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It’s Electric! New Raft Slides Into Colorado River Discovery

It’s Electric! New Raft Slides Into Colorado River Discovery
January 18
13:35 2016

Colorado River Discovery is the first company in the region to own a 100% electric raft.

The U.S. Coast Guard has officially certified CRD’s electric raft and the vehicle has been registered with the Arizona Game and Fish Department.

The next step for “Helios,” (as the raft has come to be known), is field testing the watercraft.

Helios, named after the God of the Sun in Greek Mythology, will be ready for a public launch in the spring of this year.  The launch will also coincide with CRD’s tenth anniversary and the National Park Services’ 100th anniversary.

Being electric has significant advantages over other fuel sources, but does not come without disadvantages.  One such disadvantage is, like all things electric, it must be charged.  To help alleviate any charging issues, the Bureau of Reclamation has pitched in to install a charging station for the electric raft.  This will allow Helios to dock with the station and charge its batteries whenever the need arises.

Power to the charging station, which is located at the CRD dock, will be provided by the generating station in the Glen Canyon Dam.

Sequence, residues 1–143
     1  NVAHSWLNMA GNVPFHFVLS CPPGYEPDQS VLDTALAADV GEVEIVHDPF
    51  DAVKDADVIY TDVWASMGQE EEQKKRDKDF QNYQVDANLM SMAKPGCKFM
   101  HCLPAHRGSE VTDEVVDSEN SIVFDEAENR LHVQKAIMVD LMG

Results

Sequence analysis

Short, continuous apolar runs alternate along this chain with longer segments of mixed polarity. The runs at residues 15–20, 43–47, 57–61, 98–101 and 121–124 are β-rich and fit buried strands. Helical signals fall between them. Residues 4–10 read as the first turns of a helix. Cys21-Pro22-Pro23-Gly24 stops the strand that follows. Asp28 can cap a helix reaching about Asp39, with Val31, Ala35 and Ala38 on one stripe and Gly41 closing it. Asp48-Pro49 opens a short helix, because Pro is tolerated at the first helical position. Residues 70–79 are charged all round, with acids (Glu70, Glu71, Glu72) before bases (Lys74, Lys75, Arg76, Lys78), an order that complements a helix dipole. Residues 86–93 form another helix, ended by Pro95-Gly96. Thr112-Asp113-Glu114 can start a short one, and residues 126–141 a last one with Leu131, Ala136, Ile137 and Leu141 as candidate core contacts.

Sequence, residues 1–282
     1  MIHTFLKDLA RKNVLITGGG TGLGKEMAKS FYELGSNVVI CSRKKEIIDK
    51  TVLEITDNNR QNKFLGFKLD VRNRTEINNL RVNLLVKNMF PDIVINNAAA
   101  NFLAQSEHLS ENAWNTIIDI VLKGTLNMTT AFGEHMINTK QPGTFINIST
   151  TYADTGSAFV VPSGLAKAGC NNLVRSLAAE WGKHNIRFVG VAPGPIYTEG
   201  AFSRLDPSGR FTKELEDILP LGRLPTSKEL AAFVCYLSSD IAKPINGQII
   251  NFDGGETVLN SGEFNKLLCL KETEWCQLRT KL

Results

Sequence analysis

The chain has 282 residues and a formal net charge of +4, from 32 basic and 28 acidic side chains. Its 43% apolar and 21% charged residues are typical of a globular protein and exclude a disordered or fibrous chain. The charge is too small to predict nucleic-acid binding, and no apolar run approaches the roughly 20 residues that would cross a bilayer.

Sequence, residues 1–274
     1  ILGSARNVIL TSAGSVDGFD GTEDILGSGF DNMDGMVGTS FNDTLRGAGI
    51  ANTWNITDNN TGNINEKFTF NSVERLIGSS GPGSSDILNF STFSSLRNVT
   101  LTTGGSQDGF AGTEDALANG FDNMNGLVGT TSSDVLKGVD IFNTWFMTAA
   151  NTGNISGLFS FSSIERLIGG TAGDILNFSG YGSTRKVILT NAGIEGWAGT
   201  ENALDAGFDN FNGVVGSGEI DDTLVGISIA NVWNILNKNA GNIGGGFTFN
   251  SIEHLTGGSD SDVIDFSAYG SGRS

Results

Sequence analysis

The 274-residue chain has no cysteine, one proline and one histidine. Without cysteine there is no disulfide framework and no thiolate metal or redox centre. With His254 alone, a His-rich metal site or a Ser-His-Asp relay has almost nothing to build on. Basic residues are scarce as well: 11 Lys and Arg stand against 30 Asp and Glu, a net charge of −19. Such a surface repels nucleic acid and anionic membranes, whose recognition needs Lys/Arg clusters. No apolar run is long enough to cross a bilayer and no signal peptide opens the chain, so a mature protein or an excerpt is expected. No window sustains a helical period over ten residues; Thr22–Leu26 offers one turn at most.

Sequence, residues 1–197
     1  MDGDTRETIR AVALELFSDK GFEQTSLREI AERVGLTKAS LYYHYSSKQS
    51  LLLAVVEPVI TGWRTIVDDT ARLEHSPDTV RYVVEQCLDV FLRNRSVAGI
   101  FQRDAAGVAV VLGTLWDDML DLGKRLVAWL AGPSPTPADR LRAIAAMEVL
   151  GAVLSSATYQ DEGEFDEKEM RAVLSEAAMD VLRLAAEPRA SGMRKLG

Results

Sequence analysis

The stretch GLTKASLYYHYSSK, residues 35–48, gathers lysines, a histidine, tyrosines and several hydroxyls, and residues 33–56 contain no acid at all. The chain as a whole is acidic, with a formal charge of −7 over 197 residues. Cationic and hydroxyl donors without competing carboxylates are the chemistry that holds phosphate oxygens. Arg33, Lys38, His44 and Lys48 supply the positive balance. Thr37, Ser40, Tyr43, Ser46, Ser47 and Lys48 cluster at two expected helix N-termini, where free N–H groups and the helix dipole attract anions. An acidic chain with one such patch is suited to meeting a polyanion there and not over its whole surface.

According to Korey Seyler of Colorado River Discovery, “It will be the first of its kind on the Colorado River, producing zero emissions, exponentially reducing waste products that could pollute the environment or disrupt the climate. It will also greatly reduce noise pollution on the Colorado River.”

Seyler also spoke about the possibility of the entire CDR  fleet of rafts becoming electric.

“That’s the idea, but there is much advancement to be made with this technology,” said Seyler.

The raft can run at full power for about one hour with the current charging technology, but Seyler says the raft won’t be run at full power all the time and should run for a continuous three hours before needing to be recharged.

The watercraft is reportedly a culmination of a decade’s worth of research and development.

Photo Credit: Martin Stamat


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